For example, you could target specific recipient domains:

Office 365 Message Encryption

Or you could encrypt messages with a specific subject string:

Office 365 Message Encryption screenshot

This is one of many ways for you to apply encryption automatically to best suit your organisation, and better yet to protect your users from data leaks and improve data security.

About the Author

Mike Parker

Mike is a Technical Architect at Content and Code, a multiple award-winning Microsoft Partner. He has spent the last five years working closely with Microsoft 365 technologies. Mike’s primary area of focus is in the delivery of the Microsoft 365 suite, including the Office 365 suite and Enterprise Mobility + Security, for a range of global enterprise clients. Mike blogs at www.mikeparker365.co.uk, speaks at internal and public events when time allows!

Comments

  1. Muk

    I am trying for a while to setup a rule in Exchange Online to encrypt messages with a RMS template, but for some reason i cant choose for an encryption with code, so that if you receive the message, you ask for a code to get the original message.

    Does anyone know how to fix this?

    1. Avatar photo
      Tony Redmond

      It depends on the client being used by the recipient and their account. Accounts in M365 tenants using clients that know how to interact with MIP will fetch the necessary use licenses etc. and display the decrypted content inline. Others will prompt for a code to allow them to read the message via the MIP portal. AFAIK, you can’t force an “enlightened” client to use a code because this would be too disruptive to the flow of receiving and reading messages.

  2. Greg C

    Please tell me this encrypt policy doesn’t send a separate email through the same potentially compromised mail channel with the password? LOL? Maybe they should come up with an “auto stickie note” that pops up in the receiver’s screen with the password? How dumb is that.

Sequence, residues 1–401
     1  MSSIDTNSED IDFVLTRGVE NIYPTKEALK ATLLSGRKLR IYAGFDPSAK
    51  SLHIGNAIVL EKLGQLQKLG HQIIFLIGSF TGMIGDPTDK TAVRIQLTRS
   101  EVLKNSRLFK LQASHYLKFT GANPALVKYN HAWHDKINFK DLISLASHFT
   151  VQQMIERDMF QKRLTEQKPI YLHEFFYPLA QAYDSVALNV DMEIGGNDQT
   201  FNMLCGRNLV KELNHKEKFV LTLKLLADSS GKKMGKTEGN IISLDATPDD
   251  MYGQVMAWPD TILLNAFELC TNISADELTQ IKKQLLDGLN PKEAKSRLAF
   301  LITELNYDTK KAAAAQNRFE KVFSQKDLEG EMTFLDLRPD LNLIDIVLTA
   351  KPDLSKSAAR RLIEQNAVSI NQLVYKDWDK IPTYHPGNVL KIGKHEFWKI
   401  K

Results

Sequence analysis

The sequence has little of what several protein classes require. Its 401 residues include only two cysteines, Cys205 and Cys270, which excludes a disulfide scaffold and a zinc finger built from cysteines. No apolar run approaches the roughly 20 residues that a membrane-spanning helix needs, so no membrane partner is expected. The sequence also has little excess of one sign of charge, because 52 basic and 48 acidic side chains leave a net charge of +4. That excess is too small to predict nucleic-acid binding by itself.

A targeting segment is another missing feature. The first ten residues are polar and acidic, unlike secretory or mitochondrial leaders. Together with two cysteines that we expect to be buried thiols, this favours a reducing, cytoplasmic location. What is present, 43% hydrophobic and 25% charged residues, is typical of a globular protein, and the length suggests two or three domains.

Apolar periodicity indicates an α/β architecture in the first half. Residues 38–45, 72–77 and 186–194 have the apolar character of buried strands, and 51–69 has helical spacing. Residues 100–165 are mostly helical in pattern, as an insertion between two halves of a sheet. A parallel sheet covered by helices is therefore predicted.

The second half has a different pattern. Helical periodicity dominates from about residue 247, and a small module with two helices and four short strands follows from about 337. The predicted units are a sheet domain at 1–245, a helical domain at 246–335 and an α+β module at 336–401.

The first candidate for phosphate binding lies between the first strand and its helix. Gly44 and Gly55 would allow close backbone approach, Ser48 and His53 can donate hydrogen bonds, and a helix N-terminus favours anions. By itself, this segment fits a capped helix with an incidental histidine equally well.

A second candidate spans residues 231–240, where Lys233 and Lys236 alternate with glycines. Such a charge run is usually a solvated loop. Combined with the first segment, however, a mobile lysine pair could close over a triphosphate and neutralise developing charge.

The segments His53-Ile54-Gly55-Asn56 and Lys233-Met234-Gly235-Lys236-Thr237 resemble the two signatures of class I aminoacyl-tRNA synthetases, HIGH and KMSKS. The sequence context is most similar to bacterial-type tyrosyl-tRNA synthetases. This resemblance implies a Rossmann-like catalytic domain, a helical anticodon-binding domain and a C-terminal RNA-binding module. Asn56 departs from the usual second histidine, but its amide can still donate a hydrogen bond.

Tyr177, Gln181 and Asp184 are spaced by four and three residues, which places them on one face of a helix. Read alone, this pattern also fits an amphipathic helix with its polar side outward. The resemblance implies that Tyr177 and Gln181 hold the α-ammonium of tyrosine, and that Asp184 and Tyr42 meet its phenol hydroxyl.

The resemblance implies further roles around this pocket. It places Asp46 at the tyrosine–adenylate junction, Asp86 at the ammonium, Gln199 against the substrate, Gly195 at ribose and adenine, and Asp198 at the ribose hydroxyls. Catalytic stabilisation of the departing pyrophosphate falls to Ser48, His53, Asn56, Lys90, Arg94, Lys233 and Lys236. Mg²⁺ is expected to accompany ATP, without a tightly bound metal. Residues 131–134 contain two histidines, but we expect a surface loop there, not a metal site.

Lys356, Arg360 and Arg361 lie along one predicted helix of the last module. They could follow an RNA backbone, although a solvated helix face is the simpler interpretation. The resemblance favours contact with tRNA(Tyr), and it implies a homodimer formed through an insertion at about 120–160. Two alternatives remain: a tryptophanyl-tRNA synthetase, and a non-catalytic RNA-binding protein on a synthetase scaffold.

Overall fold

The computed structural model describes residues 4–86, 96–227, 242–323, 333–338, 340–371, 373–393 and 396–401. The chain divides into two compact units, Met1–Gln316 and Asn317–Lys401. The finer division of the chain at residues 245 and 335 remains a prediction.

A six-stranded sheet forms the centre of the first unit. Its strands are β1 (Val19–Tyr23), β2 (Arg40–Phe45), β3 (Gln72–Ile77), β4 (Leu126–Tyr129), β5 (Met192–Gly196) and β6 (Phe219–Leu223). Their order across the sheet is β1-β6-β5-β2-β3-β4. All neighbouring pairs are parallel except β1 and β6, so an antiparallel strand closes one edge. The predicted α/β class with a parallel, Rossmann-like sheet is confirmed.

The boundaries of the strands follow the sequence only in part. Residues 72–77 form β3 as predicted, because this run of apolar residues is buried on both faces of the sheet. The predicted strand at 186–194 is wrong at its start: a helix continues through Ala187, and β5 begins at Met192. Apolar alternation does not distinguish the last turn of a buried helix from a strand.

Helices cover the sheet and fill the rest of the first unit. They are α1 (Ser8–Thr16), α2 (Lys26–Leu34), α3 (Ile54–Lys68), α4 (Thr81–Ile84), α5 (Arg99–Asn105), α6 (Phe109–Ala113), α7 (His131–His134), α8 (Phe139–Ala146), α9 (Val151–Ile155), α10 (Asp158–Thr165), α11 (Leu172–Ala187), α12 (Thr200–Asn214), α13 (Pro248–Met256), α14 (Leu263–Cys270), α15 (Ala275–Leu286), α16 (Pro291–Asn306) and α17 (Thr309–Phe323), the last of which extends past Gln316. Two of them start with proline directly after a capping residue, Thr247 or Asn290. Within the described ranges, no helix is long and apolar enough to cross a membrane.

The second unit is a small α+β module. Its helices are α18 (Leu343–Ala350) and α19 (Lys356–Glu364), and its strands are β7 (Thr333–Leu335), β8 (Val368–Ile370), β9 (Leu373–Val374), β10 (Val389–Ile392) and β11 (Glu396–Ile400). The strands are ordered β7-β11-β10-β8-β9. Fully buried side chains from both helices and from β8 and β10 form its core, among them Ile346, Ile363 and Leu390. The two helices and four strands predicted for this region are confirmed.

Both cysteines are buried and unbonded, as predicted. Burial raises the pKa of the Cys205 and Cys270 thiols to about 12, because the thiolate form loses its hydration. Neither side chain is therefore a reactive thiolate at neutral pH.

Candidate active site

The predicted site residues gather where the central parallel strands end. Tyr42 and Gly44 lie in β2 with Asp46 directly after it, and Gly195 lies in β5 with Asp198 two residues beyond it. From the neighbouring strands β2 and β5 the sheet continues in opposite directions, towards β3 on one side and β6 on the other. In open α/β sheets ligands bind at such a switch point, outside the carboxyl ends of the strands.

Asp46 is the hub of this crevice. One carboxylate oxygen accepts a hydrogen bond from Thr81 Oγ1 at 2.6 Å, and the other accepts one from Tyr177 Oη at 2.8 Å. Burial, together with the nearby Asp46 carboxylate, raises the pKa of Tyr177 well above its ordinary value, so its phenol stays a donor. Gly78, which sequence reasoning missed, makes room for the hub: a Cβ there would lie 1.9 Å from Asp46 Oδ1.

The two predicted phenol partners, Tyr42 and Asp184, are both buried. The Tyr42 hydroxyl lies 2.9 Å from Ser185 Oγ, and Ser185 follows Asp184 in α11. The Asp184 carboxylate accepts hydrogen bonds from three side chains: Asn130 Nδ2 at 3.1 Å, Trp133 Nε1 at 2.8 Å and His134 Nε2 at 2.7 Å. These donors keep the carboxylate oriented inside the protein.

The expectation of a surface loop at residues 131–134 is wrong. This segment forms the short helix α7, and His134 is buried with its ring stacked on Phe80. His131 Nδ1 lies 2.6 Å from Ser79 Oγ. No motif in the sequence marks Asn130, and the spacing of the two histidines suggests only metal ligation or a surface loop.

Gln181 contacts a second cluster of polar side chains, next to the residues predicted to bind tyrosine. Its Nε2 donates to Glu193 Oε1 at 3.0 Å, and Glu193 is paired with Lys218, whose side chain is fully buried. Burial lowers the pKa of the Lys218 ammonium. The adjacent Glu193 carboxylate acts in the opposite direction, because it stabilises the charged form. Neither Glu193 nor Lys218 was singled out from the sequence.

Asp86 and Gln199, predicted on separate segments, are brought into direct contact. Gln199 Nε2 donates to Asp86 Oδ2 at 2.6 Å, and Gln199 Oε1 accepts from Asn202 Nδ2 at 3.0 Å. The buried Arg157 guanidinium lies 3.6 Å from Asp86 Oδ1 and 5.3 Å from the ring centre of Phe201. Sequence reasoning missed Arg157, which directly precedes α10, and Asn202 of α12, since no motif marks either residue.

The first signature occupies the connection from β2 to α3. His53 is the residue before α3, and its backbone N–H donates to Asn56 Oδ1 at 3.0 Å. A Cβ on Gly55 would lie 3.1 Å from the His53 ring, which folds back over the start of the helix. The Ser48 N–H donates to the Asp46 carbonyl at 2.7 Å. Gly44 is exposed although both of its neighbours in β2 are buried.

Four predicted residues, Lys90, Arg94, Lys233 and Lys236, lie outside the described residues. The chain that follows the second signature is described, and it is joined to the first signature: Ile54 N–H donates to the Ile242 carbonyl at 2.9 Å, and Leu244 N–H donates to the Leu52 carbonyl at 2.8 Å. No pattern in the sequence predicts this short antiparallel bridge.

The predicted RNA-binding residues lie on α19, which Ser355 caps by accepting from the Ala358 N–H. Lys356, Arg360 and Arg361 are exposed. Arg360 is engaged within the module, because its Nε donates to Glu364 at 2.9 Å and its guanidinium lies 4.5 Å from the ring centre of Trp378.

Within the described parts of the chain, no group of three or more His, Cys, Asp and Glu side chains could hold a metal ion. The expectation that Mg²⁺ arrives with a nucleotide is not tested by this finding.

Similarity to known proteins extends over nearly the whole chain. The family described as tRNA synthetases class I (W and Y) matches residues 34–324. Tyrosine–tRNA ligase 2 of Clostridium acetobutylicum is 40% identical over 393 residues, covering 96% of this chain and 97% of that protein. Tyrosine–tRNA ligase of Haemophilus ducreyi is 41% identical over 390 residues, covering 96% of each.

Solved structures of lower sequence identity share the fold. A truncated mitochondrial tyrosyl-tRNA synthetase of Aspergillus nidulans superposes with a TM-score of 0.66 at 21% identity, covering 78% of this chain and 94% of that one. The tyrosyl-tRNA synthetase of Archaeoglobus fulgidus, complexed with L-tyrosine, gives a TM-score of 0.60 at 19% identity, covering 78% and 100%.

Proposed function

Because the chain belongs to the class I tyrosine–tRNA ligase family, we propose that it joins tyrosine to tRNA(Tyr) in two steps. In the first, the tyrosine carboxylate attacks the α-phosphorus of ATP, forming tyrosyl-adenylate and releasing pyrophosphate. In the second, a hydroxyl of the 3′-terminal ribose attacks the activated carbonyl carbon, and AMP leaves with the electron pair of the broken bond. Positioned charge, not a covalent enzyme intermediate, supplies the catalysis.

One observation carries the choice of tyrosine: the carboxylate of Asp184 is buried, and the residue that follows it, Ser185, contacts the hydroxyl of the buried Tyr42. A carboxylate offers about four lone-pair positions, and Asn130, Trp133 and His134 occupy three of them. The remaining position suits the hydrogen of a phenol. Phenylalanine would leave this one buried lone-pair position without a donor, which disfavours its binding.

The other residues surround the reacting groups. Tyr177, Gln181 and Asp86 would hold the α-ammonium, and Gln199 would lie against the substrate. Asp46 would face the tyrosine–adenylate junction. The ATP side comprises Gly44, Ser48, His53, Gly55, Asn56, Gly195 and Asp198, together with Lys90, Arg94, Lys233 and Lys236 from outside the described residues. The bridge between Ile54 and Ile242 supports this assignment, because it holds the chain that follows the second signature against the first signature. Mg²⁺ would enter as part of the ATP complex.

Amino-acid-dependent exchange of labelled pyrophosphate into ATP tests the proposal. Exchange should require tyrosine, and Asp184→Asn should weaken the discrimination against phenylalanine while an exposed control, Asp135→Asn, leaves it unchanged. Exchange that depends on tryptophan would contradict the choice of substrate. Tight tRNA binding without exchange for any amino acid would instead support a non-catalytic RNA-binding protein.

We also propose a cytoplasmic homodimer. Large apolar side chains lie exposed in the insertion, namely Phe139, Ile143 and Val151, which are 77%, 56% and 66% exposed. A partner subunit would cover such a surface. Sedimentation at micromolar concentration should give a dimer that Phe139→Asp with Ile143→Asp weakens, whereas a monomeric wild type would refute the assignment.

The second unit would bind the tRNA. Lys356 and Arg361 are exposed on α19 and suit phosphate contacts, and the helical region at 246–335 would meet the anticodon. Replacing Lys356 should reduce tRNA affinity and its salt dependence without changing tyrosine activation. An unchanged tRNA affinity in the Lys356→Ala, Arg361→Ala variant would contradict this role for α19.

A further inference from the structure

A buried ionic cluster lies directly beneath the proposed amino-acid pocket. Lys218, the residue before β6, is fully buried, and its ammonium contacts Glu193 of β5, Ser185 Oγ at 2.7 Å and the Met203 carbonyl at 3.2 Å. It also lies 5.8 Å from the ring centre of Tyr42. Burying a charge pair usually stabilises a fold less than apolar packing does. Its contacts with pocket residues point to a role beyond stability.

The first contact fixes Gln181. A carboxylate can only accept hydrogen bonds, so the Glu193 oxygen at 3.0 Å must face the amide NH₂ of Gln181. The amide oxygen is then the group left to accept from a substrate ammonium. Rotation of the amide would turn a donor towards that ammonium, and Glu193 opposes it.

3. Ryan Jones

    I had tested a year or so back with the ome version and had a rule with keyword and an auto encrypt that would look for sensitive info like socials etc. Completely working. Fast forward, none of that works so I switched to the new 365 encryption. The keyword rule works fine but the auto encrypt for sensitive info does not. Microsoft claims i need an e5 license despite having the Azure information protection. I’m completely lost on this. They are all the time changing things and it’s almost a full time job just to read updates. Anyone know if this is true or do you have an auto rule setup to encrypt with the new encryption that is working? I have business premium and azure information protection.

    1. Luis M

      Ryan
      I am having similar situation. My rule stopped working and now I can not make it work nor with the old OME encryption neither with the new 365. I have an on premises exchange routed thru online exchange. A guy in support told me that I have to migrate to online for it to work. I don’t believe what he said I will have to get someone else from support

  4. Dustin

    Thanks for the tips here. I’m using Tor private browser and Surfshark VPN, but I guess it’s time to upgrade my security level and learn how to send encrypted emails. I was thinking about getting something like Protonmail, would you say it’s safe to use?

  5. Frank

    In your fist example when sending an email to practical365.com and cc’ing a friend on gmail the email to *both* will be encrypted which is a pain.

    Is there a way to avoid this scenario so the gmail side never sees the encryption?

  6. sankar

    we have enabled this AIP flag but the end user not able to open the email in the outlook client. any thoughts

  7. Rachel

    This is really useful, thanks

  8. Oleg K

    Microsoft also warned that OME won’t coexist normally with old on-premise RMS services, so RMS has to be deprovisioned first or OME should be disabled (at least partly, updates to OME functionality should be disabled with a command).